But his numbers at the end of this season might not be what you would expect from one of the best receivers in the state given Lancaster’s offensive philosophy.
The Tigers are predicated by the run, which often stems from DeMarcus Ayers’ quarterback keepers or the bruising running ways of Joseph Paden, who rushed for 125 yards, including a 44-yard touchdown.
They don’t throw the ball much at all. In fact, through two games, Lancaster has put it in the air 28 times.
Alexander didn’t catch any passes against Tyler (Texas) John Tyler and only had two receptions for 14 yards a week earlier.
There wasn’t any noticeable frustration on Alexander’s face after the game. He was as excited as anyone that Lancaster had survived a late scare from the Lions.
You just wonder if that will continue to be the case if he doesn’t get more involved as the season progresses. I expect he will. He’s too good not to become a major factor, especially if Lancaster wants to fulfill its goal of contending for a state championship.
4. Hall a haul
You can’t help but look at the somewhat slender frame of Class of 2013 defensive end Daeshon Hall (Lancaster, Texas/Lancaster) and just imagine what kind of speed-rushing demon he can become once he spends some time in a college weight room.
I say “somewhat slender frame” even though he is 6-foot-6 and 230 pounds. But if you’ve seen Hall in person you’d probably agree with me. He’s going to be a headache for years to come.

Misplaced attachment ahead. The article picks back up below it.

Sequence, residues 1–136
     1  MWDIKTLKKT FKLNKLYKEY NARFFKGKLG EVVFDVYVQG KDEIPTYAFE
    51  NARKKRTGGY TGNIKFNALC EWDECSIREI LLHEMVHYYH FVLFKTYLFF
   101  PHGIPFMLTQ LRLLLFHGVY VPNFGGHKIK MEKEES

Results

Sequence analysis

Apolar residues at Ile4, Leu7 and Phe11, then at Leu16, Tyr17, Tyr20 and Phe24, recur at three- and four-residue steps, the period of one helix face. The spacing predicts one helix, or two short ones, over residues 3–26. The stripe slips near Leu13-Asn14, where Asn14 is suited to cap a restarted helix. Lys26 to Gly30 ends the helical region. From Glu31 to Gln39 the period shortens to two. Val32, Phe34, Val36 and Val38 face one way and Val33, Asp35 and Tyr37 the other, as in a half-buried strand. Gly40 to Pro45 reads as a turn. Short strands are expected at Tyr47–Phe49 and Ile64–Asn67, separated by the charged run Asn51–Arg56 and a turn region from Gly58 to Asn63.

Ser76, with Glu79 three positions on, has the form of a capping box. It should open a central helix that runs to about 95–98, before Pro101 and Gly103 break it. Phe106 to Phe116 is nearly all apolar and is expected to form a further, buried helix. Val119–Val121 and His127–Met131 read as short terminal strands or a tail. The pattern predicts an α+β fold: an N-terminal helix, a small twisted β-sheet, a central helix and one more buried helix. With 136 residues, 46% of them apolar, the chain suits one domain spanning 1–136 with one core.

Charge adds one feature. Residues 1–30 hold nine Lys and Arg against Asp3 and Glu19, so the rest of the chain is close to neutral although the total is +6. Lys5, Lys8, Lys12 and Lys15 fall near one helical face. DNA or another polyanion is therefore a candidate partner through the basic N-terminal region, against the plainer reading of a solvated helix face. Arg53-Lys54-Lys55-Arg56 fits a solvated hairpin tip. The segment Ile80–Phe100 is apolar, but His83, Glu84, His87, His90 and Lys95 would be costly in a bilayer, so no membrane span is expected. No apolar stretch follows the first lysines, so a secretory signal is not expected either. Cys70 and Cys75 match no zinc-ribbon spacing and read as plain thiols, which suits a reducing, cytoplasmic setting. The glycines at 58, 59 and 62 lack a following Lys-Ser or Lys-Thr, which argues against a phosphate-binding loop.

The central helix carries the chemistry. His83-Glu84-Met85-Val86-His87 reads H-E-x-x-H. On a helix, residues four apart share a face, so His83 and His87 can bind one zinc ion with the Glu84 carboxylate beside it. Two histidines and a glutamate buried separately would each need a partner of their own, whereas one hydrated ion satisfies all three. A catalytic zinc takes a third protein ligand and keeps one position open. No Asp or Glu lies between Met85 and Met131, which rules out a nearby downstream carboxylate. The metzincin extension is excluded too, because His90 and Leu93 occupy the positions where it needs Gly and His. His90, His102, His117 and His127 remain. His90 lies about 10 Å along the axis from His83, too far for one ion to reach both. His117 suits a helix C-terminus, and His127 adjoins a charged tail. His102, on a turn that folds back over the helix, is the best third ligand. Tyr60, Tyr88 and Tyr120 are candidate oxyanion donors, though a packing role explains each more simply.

Think about this for a second: Hall isn’t from Texas. He’s from Washington. So unlike the majority of the players that grew up in the Lone Star State with a football in their crib, Hall grew up as a basketball player.
This past offseason was his first full offseason devoted to football. It was his first true summer spent in a weight room. He’s only just beginning to tap into his talents, which goes to show just how naturally gifted he is at defensive end given his performance on Friday.
Hall bullied John Tyler’s defensive line. He had at least three sacks and countless quarterback hurries. Washington is going to have to fight to keep him committed. But if it does Steve Sarkisian is going to be one happy coach.
5. Unusual Bastrop offense leaning on stars
Antuwan Davis is going to Texas to play cornerback. His four-star teammate, Paul Whitmill, has committed to TCU to play linebacker.
In Bastrop’s offense, though, they get the ball as much as they possibly can.
The Bears are operating a flexbone triple-option attack this year similar to the one Georgia Tech is known for. Awful similar, in fact, since Bastrop’s coaches went to a Yellow Jackets clinic to learn the intricacies of the system.
Against Gonzales, Davis lined up as a “A” back -- the running back who typically lines up off tackle and motions into the play. He didn’t get many carries but plays a good decoy to set up others.
Whitmill is Bastrop’s “B” back, the one lined up behind the quarterback. He ran for 155 yards and two touchdowns on only 13 carries. Not bad for a linebacker.
Playing both sides of the ball limits both recruits’ snaps on defense a bit, but the Bears have no choice: They offenses needs to get its best players on the field.
Davis’ role should expand going forward. He’s got the speed, there’s no doubt about that, and this new role will only make him more well-rounded when he arrives at UT.